The Art of Word Learning
The art of learning words is not, it would seem, hard to master. Six-year-olds, for whom hand-eye coordination is still iffy and toy-sharing a contentious proposition, already possess a sophisticated vocabulary: around 9,000-14,000 words, according to Harvard University researcher Susan Carey. And yet many scholars, including the philosopher Willard Van Orman Quine, have noted that word learning should be extraordinarily difficult to master, since it involves mapping labels to events in the world, and real-world events are infinitely complex. If someone at a zoo points to a leopard and says “leopard,” is she referencing the entire creature? The spots? The slinky gait or the faux savannah backdrop? Or perhaps felines, or large animals, more generally?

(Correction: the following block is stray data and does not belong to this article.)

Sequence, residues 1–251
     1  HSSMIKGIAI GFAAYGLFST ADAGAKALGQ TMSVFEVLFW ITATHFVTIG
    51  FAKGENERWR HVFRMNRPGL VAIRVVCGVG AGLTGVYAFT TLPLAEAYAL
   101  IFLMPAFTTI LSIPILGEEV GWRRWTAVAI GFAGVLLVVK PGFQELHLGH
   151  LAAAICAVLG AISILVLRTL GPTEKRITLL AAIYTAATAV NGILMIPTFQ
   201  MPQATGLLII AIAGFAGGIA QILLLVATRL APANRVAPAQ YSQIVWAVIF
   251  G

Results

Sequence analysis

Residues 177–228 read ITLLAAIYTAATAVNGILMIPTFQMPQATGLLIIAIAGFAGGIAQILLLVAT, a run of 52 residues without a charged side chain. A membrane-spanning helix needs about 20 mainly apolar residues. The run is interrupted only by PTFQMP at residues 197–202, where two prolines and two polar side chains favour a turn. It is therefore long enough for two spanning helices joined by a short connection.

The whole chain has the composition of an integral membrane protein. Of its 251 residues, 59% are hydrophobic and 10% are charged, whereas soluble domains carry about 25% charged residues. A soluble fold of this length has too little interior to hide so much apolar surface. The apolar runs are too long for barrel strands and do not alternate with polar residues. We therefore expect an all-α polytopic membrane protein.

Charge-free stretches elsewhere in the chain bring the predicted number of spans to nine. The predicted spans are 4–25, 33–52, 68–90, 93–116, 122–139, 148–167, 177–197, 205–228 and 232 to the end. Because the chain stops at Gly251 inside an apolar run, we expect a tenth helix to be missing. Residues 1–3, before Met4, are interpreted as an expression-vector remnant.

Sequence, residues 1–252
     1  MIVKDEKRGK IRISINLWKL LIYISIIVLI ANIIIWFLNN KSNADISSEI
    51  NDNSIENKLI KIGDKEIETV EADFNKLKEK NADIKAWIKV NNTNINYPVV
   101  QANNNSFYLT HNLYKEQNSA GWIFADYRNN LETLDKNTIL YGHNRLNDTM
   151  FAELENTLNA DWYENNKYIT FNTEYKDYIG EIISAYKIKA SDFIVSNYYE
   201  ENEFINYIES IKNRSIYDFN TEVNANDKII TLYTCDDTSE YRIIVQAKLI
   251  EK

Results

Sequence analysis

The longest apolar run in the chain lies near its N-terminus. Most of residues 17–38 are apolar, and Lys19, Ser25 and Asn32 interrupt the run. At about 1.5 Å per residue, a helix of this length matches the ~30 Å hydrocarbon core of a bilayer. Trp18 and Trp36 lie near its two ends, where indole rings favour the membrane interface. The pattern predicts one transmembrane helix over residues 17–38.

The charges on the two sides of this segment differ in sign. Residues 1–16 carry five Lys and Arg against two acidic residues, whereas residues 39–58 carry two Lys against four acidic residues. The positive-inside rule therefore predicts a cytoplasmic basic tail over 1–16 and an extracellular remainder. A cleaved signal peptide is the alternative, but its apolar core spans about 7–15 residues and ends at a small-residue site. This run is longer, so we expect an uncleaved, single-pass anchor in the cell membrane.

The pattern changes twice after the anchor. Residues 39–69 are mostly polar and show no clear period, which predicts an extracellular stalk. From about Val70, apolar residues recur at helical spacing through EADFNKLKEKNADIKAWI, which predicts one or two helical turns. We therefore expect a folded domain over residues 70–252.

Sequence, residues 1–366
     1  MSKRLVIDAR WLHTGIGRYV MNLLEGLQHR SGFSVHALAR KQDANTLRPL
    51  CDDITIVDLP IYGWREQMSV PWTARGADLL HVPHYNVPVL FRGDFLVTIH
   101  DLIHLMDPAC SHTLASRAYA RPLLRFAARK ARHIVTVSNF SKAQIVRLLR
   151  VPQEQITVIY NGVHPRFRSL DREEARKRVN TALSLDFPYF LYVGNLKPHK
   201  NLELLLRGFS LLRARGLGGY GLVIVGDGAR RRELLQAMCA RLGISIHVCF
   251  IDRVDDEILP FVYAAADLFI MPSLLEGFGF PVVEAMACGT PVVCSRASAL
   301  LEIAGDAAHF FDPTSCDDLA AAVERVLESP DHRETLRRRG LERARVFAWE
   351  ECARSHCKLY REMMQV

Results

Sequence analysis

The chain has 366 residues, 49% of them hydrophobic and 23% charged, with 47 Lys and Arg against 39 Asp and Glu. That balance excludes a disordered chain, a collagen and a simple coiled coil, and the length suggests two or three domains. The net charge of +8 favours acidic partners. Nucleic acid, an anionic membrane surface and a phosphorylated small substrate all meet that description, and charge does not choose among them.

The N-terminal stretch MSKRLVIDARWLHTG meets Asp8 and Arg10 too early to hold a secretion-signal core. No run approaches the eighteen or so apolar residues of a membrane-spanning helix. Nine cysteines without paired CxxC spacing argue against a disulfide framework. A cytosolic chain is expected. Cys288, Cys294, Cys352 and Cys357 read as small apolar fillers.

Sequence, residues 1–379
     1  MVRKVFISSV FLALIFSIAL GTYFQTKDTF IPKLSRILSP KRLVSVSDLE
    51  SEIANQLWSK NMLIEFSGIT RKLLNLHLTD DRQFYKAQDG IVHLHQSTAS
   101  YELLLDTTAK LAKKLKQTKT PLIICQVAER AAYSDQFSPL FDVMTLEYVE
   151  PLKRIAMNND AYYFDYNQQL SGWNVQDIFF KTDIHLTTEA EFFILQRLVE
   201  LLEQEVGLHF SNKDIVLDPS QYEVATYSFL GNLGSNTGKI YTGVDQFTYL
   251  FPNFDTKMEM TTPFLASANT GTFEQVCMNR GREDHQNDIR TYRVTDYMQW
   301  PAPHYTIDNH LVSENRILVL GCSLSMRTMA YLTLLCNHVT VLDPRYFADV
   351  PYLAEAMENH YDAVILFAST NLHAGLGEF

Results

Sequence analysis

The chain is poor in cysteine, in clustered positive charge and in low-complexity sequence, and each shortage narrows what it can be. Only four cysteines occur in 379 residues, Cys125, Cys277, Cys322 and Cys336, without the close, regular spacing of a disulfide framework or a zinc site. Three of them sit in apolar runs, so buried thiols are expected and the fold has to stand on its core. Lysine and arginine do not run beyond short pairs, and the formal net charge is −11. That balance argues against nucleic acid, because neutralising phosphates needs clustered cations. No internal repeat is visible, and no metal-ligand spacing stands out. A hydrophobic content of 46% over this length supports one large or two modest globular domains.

But thankfully, we don’t just hear “leopard” once. We hear it again and again, when the leopard is close, or too far away for its spots to be visible. We hear “leopard” whether the creature is stalking or sleeping, while visiting the zoo or while watching an Attenborough special. We are likelier to hear “leopard” in the presence of leopards than elephants or flamingos or lions. That is, because every word (with very few exceptions) occurs in a slightly different set of contexts from every other word, we can use this entire set of occurrences to constrain our hypotheses about how to map word to world. Researchers call this “cross-situational learning,” and at least under optimal conditions we are pretty good at it.
But sometimes what a set of situations has in common isn’t obvious at all. Verbs, which describe often abstract relationships between objects, pose an especially difficult problem. We give presents at Christmas, directions at gas stations, kisses at dances, birth in hospitals, and advice all the time, and none of these events superficially looks much like the others.